ROCKY MARCIANO -- BIOGRAPHY OF A FIRST SON. By Everett M. Skehan. Houghton Mifflin. 396 pp. $10.95.
At hand is the story of another Rocky and this one does no more to elevate the perception of the sport of boxing above a sordid subculture than the other.
Marciano, incidentally, was the hero of the fictional Rocky Balboa in the recent Oscar-winning film, written and acted in by Sylvester Stallone, the Itallian Stallion.
The difference is that Marciano did make it from an uncoordinated "face fighter" to become the only world heavyweight champion to retire undefeated, after 49 bouts.
There is a topical analogy to current news. The Brockton, Mass., Blockbuster, who was killed in a plane crash in 1969, is quoted as charging his manager, Al Weill, with skimming off $10,000 from the promotional profits of a bout and not telling Marciano about it.
Marciano's daughter is cited as having heard that a Mafia figure offered the champion $2 million to lose to Don Cockell.
Marciano's admirers will be disillusioned when they read of him being widely regarded as "cheap," stooping to defrauding telephone coin boxes after he made his bundle, and "using" people.
The champion's mother is reported by author Everett M. Skehan of the Worcester, Mass., Evening Gazette, a Brockton native, as having received a threat that her son would be shot if he came home to celebrate after he knocked out Joe Louis.
Police reportedly traced the letter to a 13-year-old schoolgirl dismayed by the beating Marciano had given Louis, although Marciano took time in his dressing room to write Louis a note paying his respects and offering condolence to the former champion.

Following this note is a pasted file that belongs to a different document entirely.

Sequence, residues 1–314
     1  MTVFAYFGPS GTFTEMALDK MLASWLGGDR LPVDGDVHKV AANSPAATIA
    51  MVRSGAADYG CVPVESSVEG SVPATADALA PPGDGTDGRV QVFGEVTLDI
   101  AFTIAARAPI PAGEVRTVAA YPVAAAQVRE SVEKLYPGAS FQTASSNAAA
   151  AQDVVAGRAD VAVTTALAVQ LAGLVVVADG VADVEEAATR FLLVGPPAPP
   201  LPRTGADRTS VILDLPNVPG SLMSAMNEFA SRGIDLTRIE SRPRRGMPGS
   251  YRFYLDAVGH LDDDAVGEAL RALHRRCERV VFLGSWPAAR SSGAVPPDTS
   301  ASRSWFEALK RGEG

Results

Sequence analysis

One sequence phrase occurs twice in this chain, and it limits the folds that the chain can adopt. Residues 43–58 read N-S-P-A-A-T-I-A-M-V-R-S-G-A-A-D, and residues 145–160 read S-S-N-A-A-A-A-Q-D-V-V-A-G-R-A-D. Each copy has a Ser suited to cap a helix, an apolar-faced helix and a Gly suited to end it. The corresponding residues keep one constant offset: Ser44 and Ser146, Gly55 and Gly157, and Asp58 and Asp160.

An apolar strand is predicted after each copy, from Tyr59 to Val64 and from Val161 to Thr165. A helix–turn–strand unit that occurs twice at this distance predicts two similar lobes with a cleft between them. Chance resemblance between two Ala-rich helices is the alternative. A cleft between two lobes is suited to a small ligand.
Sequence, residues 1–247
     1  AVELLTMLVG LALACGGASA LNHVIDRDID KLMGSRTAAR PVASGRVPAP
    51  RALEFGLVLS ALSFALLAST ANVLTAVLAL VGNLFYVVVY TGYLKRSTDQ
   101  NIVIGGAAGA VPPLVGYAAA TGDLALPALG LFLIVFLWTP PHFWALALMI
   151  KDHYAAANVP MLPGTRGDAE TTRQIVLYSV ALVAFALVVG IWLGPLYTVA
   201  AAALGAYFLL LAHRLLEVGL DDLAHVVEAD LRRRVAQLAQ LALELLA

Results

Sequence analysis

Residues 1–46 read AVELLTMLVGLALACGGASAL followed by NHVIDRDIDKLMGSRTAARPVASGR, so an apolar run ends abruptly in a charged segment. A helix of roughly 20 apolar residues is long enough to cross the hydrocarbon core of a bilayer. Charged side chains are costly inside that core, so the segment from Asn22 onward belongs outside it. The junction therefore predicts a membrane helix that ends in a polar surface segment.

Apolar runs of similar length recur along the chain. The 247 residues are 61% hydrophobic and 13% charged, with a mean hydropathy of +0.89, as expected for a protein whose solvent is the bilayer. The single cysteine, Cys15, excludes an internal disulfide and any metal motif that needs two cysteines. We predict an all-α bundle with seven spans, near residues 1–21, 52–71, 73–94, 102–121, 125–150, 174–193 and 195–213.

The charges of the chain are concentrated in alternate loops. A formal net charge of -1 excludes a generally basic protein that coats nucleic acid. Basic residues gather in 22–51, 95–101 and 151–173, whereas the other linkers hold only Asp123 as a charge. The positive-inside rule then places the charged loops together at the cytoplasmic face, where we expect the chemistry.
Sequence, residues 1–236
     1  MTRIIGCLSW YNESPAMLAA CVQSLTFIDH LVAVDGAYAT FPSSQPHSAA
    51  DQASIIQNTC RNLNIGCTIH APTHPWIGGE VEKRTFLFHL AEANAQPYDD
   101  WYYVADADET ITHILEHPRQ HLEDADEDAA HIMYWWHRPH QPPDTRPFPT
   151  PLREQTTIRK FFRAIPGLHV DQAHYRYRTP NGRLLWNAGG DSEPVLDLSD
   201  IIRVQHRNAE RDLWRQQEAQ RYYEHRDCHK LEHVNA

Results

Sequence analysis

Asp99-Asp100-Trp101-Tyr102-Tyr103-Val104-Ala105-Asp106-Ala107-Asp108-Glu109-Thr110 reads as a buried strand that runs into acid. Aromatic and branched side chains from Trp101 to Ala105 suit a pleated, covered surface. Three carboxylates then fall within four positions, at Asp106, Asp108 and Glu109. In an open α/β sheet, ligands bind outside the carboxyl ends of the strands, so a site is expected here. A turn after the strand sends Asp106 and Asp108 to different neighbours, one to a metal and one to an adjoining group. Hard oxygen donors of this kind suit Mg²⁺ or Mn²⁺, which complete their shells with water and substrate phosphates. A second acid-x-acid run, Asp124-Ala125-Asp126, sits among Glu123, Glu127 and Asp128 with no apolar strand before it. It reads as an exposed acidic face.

Ironies developed. When Marciano was killed, Louis attended the services and said, "Something's gone out of my life.I'm not alone, something's gone out of everyone's life." He bent over and kissed the casket.
Joe Frazier displayed a sense of dignity when a reporter asked how he thought he would have made out against Marciano. "Excuse me, mister. I'm here to pay my respects to one of the greatest champions ever. If you want to ask them (sic) questions, you come down to Philly next week."
The usually impassive Sonny Liston said, "This man was one of the greatest champions ever. He refused to accept defeat. And nobody beat him."
Beau Jack: "When I was down on my luck Rocky made it a point to look me up."
Because of those sentiments, it may be the more distressing to read in Skehan's book a posthumous quotation ascribed to Marciano in a colloquy with a Brockton friend Eugene Sylvester, about a report that Marciano was going to fight Louis.
"Rock, are you gonna fight him?" Sylvester asked.
"'Yeah,' Rocky said. 'It's all signed, Euey.'
"'Rock, this guy's awful big and plenty tough,' Sylvester said. 'But I know you can beat him Right?'
"'I'll never lose to a nigger, Euey,' Rocky allegedly said."
Author Skehan's use of the word "allegedly" in what is a quotation that cannot be checked with the late champion neither figures to acquit the author nor to ease the minds of others.